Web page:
Seller's Bad Faith -- Financing Condition
It has been long established that a financing condition requires a buyer to act honestly and in good faith to obtain financing necessary to close the purchase. A recent case involved a financing condition often Imposed by the developer of new homes which requires a buyer to demonstrate the ability to close on the basis of a mortgage commitment (or cash from own resources). This was a condo project to close several years later.
The buyer had provided satisfactory evidence of financing at the time of the Agreement of Purchase and Sale ("APS") but as a result of the new stress tests imposed in January 2018, the developer required all buyers to up-date their mortgage commitments with the result that over 80 percent of them no longer qualified (and all of them received back their deposits).
After many attempts over several months to satisfy the developer’s financing demands while under threat of default and forfeiture of deposit monies of $55,614, the matter was brought to court to determine whether the buyer had complied or was in default. During the proceedings, it was found that the developer had decided against continuing the project as a condo (opting instead for a rental project).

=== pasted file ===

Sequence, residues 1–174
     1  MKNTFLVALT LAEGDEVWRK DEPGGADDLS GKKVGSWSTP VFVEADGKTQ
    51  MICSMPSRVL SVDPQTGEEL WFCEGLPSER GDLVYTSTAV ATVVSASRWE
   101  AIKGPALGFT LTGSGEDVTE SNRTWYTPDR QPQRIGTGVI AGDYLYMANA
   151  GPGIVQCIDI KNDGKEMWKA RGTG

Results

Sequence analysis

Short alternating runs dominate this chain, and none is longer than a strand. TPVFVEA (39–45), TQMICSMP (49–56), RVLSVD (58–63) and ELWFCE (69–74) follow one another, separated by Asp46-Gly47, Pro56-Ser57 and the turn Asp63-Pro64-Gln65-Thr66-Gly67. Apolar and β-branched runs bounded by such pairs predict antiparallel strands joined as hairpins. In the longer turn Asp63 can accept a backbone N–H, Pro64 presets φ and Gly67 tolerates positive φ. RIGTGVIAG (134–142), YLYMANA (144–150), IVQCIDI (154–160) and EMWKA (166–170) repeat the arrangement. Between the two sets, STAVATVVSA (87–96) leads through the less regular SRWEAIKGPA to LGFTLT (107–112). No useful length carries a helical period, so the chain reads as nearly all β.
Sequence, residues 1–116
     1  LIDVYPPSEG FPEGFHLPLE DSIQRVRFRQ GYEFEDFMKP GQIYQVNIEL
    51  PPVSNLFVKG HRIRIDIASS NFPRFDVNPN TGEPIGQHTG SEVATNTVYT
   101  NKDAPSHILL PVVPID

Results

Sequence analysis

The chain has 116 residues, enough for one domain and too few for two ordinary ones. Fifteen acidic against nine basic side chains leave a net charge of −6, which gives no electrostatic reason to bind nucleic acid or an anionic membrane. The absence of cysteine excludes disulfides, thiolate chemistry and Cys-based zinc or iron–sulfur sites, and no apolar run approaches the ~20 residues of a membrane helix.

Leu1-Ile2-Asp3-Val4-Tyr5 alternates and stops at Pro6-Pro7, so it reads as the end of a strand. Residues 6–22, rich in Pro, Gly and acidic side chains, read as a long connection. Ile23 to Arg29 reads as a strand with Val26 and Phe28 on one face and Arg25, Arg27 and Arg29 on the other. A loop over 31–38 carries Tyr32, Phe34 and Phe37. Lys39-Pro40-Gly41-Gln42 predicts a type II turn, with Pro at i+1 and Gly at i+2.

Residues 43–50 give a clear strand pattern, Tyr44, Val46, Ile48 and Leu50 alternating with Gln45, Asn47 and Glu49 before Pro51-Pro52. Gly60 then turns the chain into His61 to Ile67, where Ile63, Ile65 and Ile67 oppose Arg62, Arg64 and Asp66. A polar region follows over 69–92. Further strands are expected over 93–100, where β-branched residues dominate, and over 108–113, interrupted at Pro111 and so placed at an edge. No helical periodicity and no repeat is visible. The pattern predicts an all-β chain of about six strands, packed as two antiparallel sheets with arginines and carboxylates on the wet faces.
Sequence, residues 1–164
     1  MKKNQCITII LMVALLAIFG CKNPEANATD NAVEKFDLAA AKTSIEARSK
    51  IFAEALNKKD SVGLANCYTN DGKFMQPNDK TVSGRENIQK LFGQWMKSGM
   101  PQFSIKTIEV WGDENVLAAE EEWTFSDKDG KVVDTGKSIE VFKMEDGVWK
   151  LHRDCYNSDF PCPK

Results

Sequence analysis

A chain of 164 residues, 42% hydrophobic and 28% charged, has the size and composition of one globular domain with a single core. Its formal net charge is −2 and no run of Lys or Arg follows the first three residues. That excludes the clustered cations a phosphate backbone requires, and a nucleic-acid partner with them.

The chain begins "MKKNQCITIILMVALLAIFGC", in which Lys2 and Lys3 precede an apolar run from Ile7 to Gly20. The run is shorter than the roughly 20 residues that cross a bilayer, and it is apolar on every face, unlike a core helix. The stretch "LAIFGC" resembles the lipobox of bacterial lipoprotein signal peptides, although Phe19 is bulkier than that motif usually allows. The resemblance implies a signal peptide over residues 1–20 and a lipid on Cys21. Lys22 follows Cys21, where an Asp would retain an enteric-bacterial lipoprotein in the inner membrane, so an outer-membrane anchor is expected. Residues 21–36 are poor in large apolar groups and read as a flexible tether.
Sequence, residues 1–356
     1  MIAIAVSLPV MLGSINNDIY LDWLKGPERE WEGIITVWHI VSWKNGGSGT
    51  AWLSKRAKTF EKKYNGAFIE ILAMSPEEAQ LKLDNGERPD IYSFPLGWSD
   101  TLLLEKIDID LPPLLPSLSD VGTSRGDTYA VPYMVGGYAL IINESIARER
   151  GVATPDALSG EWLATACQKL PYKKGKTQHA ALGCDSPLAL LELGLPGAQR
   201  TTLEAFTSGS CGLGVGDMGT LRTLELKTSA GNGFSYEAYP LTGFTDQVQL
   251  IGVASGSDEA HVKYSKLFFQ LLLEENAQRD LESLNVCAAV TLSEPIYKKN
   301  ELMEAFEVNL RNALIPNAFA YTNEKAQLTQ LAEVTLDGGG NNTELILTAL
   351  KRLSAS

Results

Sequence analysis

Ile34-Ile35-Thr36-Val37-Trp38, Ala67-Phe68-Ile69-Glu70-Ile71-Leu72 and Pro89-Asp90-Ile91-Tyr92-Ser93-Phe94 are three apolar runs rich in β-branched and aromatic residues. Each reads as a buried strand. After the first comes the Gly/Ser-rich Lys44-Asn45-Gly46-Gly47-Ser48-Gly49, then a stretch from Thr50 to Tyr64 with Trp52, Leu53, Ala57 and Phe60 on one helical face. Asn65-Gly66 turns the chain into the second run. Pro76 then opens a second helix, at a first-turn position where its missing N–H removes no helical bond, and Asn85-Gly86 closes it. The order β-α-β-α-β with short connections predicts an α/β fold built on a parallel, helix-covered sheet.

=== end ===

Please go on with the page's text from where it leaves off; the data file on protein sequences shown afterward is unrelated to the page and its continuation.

The judge decided that the buyer had indeed complied with the terms of the financing requirements in the APS and went on to state that the developer had acted unreasonably and in bad faith in respect of the financing requirement by demanding an unconditional mortgage commitment (or the ability to pay all cash) for a purchase many years from closing. The judge inferred from the developer’s treatment of the buyer’s financial information and efforts to comply that it had already made the decision to discontinue the condo development at the time it terminated the buyer’s APS.
TOPICS FOR DISCUSSION
1. Would the result have been the same if the judge did not find strict compliance with the terms of the financing condition yet found bad faith dealing on the party of the seller? This decision appears to indicate this is the case.
2. Other Ontario cases (particularly those involving strict adherence to “time is of the essence”), would suggest that reliance upon clear contractual terms cannot amount to bad faith.